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However, an electric-powered plane would be quite different. Batteries would have to power an engine, which would spin the propellers and create forward thrust. The problem is that the amount of thrust would be significantly less than the type created through chemical combustion, i.e., the burning of fuel. Overall, the process is a more efficient use of fuel than traditional planes, but the maximum speed that an electric-powered aircraft can get is only 10-20% of a fuel-burning aircraft, and even that is on a smaller scale aircraft. So far, no electric plane has surpassed the 200 mph mark, whereas the fastest commercial planes in history have topped 1,500 mph (Tupolev TU 144).

The main problem is the capacity of batteries to generate as much energy as burning fuel. To have a flight powered entirely by batteries, with a full load of passengers, the plane would have to be jam-packed with batteries (which aren’t the lightest things in the world!). For example, a full Boeing 787 Dreamliner can hold over 220,000 pounds of jet fuel. To store an equivalent amount of energy in the form of batteries would weigh over 4,000,000 pounds. As battery technology and capacity continues to improve, spearheaded by visionaries like Elon Musk, we might see a shift towards electric planes, but at present, it is simply not efficient for large-scale, commercial airlines.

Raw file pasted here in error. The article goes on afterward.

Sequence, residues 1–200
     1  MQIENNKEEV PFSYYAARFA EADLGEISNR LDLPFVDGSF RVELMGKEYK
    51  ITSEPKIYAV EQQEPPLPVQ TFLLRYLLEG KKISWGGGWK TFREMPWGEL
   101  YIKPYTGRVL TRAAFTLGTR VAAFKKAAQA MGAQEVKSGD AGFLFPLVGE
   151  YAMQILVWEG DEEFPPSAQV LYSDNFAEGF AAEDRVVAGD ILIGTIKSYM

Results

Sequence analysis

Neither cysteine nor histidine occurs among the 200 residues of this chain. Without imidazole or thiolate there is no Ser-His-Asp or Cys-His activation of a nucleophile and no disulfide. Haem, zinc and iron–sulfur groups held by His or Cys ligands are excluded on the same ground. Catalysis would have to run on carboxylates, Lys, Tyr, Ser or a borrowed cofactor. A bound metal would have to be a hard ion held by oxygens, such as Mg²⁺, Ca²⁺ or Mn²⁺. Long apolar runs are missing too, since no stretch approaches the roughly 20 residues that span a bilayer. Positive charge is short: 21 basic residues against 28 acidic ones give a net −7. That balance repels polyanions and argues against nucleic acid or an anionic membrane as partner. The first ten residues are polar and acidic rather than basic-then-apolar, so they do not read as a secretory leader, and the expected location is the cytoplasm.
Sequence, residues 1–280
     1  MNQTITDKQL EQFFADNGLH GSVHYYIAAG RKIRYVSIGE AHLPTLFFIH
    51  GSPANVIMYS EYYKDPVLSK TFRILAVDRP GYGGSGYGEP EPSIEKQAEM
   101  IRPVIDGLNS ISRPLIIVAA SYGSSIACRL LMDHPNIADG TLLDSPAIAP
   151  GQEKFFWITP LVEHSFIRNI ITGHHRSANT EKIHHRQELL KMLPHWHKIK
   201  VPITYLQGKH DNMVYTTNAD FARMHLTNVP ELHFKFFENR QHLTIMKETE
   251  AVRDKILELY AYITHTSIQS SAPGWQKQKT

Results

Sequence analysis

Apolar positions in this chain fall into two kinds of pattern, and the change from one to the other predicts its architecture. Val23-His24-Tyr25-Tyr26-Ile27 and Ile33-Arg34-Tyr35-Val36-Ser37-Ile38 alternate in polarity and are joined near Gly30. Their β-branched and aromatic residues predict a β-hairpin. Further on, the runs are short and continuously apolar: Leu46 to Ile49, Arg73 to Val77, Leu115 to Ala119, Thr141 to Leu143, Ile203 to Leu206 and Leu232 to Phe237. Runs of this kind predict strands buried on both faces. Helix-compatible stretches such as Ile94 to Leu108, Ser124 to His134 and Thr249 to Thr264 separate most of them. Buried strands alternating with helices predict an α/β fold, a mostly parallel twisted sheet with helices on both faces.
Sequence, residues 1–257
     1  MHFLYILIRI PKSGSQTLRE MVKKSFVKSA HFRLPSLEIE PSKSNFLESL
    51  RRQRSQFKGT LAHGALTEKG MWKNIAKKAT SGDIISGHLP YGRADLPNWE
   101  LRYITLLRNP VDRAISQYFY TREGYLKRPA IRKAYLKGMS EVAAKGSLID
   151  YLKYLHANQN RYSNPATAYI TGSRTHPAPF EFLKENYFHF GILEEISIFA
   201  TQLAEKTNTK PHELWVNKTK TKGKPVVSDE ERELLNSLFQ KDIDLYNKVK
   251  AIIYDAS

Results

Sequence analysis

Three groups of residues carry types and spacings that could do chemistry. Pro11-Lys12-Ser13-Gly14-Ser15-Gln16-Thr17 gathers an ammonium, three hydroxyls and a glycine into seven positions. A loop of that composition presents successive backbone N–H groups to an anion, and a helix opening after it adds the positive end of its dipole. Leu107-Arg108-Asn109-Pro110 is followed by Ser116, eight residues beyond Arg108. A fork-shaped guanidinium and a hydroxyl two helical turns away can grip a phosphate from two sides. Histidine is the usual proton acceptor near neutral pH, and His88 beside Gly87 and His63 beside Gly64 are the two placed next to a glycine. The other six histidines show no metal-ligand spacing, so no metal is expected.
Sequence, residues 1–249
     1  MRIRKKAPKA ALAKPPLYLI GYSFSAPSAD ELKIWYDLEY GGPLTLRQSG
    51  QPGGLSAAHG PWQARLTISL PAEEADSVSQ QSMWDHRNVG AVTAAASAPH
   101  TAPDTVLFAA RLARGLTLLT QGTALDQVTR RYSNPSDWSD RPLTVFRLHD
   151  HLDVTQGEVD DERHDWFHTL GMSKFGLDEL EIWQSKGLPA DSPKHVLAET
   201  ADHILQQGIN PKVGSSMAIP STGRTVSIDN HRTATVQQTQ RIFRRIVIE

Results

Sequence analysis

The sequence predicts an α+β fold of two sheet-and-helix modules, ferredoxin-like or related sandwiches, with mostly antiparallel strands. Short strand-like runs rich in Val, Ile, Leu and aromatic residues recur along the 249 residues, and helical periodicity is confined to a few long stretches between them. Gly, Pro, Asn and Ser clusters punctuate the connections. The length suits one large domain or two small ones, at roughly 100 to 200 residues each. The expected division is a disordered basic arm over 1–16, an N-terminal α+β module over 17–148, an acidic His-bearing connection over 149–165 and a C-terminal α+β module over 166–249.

For smaller planes and short-duration flights, electric power is definitely a reality, and will continue to grow at a rapid clip as an industry, but for those of use without private planes, we may have to deal with fuel-burning planes a bit longer.

Other people are quick to point to the potential for solar-powered planes, but the problem is even more severe in that case. The amount of solar panels that would need to be loaded on a plane in order for it to fly would be enormous, and the speed would be even less impressive, perhaps lower than 50 mph. Solar energy capture and battery storage remains highly inefficient, so serious advances need to be made before we’re taking energy-independent puddle jumps over┬áthe ocean.

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Electric Rockets Are the Future?